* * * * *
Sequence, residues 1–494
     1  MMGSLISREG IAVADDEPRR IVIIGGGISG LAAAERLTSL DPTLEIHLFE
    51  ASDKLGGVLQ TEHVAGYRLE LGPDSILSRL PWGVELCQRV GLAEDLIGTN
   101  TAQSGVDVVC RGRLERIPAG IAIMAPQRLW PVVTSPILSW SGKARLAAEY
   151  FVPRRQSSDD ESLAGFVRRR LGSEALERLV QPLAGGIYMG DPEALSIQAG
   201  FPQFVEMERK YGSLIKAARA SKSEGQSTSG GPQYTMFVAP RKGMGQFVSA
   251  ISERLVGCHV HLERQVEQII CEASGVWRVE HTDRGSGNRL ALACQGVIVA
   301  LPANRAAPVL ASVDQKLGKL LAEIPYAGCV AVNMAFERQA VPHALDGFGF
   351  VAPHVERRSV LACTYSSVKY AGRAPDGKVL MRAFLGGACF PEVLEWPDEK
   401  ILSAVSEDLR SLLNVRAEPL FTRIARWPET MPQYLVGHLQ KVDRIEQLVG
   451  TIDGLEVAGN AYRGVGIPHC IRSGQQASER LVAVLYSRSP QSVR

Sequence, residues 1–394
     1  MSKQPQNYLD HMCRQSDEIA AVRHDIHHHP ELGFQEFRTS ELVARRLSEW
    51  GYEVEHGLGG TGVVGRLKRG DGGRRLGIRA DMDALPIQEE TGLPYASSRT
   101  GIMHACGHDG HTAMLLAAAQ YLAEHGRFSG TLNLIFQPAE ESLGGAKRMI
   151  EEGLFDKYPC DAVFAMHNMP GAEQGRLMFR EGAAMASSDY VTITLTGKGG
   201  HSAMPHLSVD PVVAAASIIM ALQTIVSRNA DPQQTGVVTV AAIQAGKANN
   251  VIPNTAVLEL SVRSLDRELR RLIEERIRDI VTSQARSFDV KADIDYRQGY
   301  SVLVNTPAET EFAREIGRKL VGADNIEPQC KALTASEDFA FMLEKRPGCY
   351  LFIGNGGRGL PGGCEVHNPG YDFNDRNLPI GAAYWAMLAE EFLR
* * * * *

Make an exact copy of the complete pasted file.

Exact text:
Sequence, residues 1–494
     1  MMGSLISREG IAVADDEPRR IVIIGGGISG LAAAERLTSL DPTLEIHLFE
    51  ASDKLGGVLQ TEHVAGYRLE LGPDSILSRL PWGVELCQRV GLAEDLIGTN
   101  TAQSGVDVVC RGRLERIPAG IAIMAPQRLW PVVTSPILSW SGKARLAAEY
   151  FVPRRQSSDD ESLAGFVRRR LGSEALERLV QPLAGGIYMG DPEALSIQAG
   201  FPQFVEMERK YGSLIKAARA SKSEGQSTSG GPQYTMFVAP RKGMGQFVSA
   251  ISERLVGCHV HLERQVEQII CEASGVWRVE HTDRGSGNRL ALACQGVIVA
   301  LPANRAAPVL ASVDQKLGKL LAEIPYAGCV AVNMAFERQA VPHALDGFGF
   351  VAPHVERRSV LACTYSSVKY AGRAPDGKVL MRAFLGGACF PEVLEWPDEK
   401  ILSAVSEDLR SLLNVRAEPL FTRIARWPET MPQYLVGHLQ KVDRIEQLVG
   451  TIDGLEVAGN AYRGVGIPHC IRSGQQASER LVAVLYSRSP QSVR

Sequence, residues 1–394
     1  MSKQPQNYLD HMCRQSDEIA AVRHDIHHHP ELGFQEFRTS ELVARRLSEW
    51  GYEVEHGLGG TGVVGRLKRG DGGRRLGIRA DMDALPIQEE TGLPYASSRT
   101  GIMHACGHDG HTAMLLAAAQ YLAEHGRFSG TLNLIFQPAE ESLGGAKRMI
   151  EEGLFDKYPC DAVFAMHNMP GAEQGRLMFR EGAAMASSDY VTITLTGKGG
   201  HSAMPHLSVD PVVAAASIIM ALQTIVSRNA DPQQTGVVTV AAIQAGKANN
   251  VIPNTAVLEL SVRSLDRELR RLIEERIRDI VTSQARSFDV KADIDYRQGY
   301  SVLVNTPAET EFAREIGRKL VGADNIEPQC KALTASEDFA FMLEKRPGCY
   351  LFIGNGGRGL PGGCEVHNPG YDFNDRNLPI GAAYWAMLAE EFLR